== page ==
Tuesday, April 17, 2012
COUNCIL pension schemes in Cambs and Herts have run up a deficit of more than £800m sparking fears taxpayers may have to foot the bill.
The TaxPayers’ Alliance uncovered the figures and claims final salary schemes are too generous at a time of economic uncertainty and could cause problems when coupled with an ageing population, triggering a call for reform.
Matthew Sinclair, Director of the TaxPayers’ Alliance, said: “The deficit in the Local Government Pension Scheme remains a ticking time bomb that’s being left for future generations of taxpayers to deal with.
“With an ageing population and a crisis in the public finances, generous final salary schemes like the LGPS [Local Government Pension Scheme] are inflexible and too expensive, and need urgent reform. Councils should not take false comfort in the improvement in the stock market.
“Their pension liabilities continue to far outweigh their assets and the situation remains worse than two years ago.”
Hertfordshire County Council had the biggest deficit of all of Crow Country’s councils at £427m as the authority has assets of £1,106,675,000 and liabilities of £1,534,605,000.
Public pensions are managed at a county level with contributions made by various bodies but the Taxpayers’ Alliance has released figures down to district level with North Herts District Council running a deficit of £32m.
Cambridgeshire County Council and South Cambridgeshire District Council’s pension scheme is also running a deficit with the TaxPayers’ Alliance putting Shire Hall’s at £308m and the district’s at £31m.
CCC claim to have the task in hand and is working on a number of schemes to bring it under control.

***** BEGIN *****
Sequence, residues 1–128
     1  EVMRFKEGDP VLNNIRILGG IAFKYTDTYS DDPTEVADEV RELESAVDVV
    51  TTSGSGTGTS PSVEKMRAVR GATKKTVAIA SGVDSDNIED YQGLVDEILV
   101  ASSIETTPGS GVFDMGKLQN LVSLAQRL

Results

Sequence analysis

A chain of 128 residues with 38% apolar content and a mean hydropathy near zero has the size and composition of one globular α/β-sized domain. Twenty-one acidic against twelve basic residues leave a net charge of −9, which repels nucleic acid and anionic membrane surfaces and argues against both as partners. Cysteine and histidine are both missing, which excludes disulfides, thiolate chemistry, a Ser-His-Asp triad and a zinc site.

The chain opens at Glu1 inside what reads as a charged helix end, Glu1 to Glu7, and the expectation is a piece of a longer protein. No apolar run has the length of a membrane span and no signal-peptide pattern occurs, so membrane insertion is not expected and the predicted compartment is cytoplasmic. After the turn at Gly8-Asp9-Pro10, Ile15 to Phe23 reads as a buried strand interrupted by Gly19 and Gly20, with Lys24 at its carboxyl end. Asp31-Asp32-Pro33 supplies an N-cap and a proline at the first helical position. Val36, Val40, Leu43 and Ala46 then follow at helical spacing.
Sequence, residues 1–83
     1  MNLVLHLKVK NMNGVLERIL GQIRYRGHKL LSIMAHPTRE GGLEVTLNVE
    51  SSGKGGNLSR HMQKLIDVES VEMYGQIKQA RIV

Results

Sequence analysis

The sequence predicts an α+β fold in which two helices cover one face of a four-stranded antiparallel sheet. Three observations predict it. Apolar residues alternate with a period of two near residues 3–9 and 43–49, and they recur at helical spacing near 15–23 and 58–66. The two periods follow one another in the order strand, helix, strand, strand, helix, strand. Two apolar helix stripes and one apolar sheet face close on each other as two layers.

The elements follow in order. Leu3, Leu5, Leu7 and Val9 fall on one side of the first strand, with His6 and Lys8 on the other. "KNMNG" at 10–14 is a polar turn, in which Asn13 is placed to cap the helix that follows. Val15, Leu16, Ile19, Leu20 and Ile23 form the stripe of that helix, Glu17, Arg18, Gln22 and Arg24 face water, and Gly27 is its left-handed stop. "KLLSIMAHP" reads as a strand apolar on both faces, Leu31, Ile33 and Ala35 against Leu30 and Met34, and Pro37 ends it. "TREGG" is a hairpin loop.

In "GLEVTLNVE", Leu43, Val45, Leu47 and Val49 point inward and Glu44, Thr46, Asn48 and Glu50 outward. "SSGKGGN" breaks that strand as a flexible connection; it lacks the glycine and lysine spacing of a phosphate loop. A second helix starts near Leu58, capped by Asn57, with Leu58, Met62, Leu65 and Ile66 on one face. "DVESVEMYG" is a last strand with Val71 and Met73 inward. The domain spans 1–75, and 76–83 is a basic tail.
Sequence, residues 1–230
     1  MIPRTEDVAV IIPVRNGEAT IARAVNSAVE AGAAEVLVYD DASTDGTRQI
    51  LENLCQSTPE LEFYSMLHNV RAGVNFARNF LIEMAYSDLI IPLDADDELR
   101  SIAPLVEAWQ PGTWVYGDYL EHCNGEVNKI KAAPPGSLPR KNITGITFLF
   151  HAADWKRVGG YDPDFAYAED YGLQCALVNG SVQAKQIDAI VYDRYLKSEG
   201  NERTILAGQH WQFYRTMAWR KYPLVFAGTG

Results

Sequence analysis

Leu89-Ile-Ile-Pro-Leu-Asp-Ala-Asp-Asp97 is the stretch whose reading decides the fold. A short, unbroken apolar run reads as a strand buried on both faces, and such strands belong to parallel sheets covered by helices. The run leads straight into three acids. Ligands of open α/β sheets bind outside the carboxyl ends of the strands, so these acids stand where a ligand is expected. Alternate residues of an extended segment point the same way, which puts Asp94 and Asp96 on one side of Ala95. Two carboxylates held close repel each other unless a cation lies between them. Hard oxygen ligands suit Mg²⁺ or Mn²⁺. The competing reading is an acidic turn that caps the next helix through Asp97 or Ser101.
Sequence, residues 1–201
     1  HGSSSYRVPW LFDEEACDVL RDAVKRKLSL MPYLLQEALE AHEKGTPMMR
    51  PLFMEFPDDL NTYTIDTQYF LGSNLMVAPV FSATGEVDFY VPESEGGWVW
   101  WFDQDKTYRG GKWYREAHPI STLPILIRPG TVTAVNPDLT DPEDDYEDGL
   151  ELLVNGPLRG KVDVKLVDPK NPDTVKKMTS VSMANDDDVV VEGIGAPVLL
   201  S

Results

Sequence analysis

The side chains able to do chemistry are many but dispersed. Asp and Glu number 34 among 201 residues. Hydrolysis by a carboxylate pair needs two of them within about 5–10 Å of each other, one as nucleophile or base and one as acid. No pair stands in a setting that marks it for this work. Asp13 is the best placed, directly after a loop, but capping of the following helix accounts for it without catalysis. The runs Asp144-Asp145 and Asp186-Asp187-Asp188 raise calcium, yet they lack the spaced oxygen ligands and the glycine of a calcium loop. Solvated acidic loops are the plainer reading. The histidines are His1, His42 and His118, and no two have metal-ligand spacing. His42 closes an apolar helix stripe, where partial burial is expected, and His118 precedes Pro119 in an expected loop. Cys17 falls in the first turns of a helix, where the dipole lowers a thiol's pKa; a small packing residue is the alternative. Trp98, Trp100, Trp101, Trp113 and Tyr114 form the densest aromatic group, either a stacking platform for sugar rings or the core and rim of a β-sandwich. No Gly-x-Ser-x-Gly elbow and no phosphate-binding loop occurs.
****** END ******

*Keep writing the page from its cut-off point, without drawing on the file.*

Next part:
A spokesman for the body said: “These figures are just a snapshot of the current situation and reflect the current down trend in markets reducing the value of investments. Our plans to deal with the deficit reach over decades in the future which is when the effects, if unchecked, would be felt.
“It is not unusual for pension funds like this to carry this type of deficit and according to the TPA’s figures Cambridgeshire is better than many similar schemes.”
Royston’s Conservative MP expressed concern at the problem and backed government plans to reforms the system.
Oliver Heald said: “The reason the government is making changes to the public sector pensions and talking with unions is because we are living that much longer and that is what is adding to the deficit, that and the general world recession which has certainly damaged stock markets.
“I’m confident if we can make the changes in public sector pensions and stimulate the world economy that we will be able to manage the deficit.
“Its period where difficult decisions are having to be made, because there is a mountain of debt nationally, personally and in pension schemes that has to be managed.”